Many influential people are moving away from the view that sexual morality is defined by abstinence from nonmarital intercourse toward one in which morality is expressed through responsible sexual behavior and a sincere regard for the rights of others. . . . In other words, the shift is from emphasis upon an act to emphasis upon the quality of interpersonal relationships.
Dating in America has gone through a number of changes in the fifty or so years since it first became recognized as the acceptable way for young people of the opposite sex to get to know one another. A young girl in the 1970s will smile at her mother's account of dating when she was a teenager. Drive-in movies, rock concerts, and school sponsored ski weekends are all phenomena that point to the immense changes in the circumstances under which high school dating occurs. What is more, dating generally begins earlier in a young person's life today than it did a generation ago. These changes are so pervasive and so significant that we may well wonder to what extent they actually imply changes in the meaning of dating as a social phenomenon. Whether or not dating is still the same thing and still serves the same function now as it did then is one of the questions we shall be examining in this chapter.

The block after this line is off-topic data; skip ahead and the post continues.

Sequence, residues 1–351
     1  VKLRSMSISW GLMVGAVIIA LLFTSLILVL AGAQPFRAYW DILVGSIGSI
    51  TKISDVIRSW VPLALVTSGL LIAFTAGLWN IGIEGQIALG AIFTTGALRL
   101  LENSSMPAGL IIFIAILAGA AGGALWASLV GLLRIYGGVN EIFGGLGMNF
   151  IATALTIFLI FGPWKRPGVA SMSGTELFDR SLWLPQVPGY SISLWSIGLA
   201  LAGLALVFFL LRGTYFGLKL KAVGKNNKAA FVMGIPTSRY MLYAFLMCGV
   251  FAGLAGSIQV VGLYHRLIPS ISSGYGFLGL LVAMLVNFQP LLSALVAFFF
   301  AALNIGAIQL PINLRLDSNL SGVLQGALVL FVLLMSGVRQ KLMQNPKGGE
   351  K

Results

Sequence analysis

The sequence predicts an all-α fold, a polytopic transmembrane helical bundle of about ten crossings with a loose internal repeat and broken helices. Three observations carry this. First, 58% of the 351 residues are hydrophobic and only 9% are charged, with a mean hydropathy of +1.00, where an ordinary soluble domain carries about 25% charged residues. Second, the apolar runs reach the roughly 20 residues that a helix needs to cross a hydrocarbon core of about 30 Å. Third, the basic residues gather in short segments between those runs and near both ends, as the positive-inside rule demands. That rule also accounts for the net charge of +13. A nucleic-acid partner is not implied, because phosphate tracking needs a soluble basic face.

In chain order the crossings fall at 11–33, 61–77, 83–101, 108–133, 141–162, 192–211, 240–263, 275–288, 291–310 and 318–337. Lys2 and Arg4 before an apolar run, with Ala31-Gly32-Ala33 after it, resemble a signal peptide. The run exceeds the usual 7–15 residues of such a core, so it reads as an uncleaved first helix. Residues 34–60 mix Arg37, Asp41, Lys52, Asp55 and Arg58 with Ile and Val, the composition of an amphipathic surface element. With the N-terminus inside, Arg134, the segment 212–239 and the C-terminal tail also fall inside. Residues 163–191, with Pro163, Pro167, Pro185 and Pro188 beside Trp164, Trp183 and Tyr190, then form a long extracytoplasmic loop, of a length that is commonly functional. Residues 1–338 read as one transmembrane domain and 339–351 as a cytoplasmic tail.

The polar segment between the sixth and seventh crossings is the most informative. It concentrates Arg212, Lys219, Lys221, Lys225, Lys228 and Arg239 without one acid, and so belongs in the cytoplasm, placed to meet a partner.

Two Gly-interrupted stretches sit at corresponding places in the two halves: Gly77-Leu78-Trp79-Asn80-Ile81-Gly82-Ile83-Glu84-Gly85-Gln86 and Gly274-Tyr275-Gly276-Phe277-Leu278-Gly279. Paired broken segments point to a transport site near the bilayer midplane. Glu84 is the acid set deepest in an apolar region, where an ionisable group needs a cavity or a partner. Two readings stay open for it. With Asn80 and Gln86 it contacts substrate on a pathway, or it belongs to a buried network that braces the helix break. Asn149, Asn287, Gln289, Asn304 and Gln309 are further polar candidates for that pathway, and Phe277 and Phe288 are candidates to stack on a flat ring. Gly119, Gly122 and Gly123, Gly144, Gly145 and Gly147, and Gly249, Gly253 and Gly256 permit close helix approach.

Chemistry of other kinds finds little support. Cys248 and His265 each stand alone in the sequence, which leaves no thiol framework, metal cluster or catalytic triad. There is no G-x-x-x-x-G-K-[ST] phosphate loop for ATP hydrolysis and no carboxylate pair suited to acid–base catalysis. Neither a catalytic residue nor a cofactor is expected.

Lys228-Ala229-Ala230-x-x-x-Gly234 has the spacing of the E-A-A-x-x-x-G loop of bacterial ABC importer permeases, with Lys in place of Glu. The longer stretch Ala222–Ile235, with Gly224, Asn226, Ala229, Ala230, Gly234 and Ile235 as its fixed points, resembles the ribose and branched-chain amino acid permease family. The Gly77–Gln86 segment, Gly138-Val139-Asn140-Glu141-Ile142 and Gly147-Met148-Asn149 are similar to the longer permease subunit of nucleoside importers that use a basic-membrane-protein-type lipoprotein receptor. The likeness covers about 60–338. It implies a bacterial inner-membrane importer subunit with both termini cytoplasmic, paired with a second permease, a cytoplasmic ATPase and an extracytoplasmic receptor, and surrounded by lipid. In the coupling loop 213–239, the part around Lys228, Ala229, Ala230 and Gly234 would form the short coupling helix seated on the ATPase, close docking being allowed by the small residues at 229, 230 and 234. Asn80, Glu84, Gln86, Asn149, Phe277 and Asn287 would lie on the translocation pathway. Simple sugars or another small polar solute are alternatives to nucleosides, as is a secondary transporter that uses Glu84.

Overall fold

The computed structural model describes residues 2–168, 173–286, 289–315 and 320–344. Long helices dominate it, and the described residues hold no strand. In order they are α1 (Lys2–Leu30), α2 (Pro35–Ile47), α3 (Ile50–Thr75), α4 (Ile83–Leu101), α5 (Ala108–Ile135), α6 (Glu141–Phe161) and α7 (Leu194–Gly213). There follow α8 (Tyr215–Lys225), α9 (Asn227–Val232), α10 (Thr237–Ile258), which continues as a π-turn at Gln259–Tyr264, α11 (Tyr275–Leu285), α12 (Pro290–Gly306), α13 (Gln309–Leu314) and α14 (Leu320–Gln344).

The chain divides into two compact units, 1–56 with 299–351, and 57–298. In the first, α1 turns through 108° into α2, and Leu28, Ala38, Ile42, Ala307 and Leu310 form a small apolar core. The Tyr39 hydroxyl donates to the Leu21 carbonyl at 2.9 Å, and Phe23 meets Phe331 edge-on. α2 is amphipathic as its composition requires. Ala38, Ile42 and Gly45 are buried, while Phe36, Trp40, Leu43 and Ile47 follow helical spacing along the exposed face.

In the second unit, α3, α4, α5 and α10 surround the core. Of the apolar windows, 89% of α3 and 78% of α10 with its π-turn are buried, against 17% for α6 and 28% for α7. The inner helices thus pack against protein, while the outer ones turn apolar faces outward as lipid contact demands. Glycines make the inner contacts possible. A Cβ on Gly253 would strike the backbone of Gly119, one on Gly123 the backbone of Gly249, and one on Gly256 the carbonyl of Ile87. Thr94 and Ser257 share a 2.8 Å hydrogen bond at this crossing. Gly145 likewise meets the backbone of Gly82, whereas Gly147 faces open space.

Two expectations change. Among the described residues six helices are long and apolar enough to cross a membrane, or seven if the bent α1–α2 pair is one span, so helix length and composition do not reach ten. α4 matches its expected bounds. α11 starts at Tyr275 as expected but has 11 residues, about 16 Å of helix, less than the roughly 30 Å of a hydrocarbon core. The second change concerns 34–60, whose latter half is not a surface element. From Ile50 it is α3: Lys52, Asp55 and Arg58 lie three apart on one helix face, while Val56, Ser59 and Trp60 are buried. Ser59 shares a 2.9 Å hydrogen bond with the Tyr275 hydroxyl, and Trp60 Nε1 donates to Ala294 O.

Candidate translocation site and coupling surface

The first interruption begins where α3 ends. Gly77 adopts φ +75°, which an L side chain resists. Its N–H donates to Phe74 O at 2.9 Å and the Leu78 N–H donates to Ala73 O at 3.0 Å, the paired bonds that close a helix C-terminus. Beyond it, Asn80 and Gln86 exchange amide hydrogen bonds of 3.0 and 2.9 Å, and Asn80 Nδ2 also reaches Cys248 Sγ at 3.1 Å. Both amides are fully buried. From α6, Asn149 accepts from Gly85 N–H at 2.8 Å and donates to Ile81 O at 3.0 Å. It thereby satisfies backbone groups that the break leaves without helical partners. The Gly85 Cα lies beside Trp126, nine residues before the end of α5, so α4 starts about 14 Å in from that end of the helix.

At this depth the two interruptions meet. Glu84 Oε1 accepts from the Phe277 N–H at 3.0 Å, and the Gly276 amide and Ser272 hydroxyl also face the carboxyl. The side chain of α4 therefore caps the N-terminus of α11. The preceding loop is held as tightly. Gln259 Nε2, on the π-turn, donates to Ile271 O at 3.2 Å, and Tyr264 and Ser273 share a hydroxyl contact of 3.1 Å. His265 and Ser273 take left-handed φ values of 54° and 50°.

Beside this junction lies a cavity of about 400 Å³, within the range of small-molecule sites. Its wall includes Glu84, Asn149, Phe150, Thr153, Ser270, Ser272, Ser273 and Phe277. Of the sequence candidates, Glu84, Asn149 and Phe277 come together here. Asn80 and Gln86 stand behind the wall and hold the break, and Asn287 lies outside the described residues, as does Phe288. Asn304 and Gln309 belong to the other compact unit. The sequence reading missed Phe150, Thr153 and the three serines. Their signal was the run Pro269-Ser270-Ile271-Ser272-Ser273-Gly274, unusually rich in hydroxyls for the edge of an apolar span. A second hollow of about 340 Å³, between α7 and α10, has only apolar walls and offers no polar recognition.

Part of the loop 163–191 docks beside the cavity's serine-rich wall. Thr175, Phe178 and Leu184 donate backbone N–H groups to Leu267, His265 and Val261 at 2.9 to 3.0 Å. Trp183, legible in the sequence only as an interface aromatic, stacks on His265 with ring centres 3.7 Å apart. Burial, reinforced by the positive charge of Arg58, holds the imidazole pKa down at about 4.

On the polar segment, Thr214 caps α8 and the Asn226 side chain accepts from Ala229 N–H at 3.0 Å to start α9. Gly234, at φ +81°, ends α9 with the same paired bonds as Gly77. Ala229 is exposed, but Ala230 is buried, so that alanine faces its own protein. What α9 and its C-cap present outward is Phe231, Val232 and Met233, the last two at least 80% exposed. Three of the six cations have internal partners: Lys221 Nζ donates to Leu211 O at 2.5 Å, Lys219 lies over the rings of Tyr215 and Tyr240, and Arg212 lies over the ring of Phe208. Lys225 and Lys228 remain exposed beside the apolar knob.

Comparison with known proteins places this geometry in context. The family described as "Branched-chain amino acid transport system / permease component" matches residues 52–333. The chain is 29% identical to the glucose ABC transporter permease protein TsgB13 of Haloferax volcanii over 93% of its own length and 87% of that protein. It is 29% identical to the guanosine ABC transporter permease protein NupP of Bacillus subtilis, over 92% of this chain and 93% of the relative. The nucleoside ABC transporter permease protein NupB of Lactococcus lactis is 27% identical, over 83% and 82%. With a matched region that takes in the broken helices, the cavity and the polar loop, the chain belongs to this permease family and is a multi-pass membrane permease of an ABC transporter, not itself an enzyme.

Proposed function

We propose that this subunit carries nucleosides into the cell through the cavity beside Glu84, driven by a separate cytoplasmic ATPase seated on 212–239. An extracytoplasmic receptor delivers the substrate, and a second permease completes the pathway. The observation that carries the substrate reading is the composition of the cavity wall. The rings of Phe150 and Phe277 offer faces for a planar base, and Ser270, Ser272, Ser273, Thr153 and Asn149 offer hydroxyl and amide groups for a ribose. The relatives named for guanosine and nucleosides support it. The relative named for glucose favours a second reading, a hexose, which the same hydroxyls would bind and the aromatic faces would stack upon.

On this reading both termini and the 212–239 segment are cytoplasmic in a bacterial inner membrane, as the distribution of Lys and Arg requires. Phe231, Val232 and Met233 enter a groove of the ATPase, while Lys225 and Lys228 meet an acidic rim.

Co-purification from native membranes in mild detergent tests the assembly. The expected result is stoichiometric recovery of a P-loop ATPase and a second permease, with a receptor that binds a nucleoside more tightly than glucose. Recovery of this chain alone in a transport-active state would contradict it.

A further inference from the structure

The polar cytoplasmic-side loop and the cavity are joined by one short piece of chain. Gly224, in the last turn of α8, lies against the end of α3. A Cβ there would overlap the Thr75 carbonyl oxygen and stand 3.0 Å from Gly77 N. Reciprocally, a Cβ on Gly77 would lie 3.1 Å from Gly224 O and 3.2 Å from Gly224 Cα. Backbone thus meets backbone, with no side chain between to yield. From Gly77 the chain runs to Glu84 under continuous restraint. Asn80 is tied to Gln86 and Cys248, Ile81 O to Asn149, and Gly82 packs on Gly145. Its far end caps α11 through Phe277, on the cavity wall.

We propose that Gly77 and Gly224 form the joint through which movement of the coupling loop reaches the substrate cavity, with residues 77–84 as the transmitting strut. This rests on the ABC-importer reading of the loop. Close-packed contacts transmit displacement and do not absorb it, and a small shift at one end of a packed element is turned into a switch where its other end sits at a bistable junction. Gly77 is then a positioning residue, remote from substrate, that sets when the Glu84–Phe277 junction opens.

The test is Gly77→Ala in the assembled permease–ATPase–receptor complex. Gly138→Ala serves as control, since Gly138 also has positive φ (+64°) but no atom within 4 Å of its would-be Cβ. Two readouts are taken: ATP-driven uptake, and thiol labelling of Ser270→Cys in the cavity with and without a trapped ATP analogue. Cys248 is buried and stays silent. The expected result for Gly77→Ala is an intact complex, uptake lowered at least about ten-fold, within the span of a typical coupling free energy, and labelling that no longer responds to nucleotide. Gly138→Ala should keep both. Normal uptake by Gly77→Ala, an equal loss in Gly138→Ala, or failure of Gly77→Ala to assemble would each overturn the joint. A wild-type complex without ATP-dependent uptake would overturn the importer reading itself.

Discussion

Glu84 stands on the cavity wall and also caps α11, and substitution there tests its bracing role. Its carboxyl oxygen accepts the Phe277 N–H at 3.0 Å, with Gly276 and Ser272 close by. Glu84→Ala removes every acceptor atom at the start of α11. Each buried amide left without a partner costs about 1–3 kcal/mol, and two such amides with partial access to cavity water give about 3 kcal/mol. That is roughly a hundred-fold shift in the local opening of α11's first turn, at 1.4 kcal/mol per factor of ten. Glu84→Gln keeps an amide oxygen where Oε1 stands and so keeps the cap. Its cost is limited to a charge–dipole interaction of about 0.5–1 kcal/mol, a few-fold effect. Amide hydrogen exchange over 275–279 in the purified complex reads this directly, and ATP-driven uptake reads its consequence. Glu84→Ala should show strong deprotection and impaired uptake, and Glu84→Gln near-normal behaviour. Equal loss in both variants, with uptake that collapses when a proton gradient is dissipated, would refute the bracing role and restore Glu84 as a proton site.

Like so many other aspects of relations between the two sexes, dating has become the subject of a large body of stereotyped beliefs. Whether or not these clichés are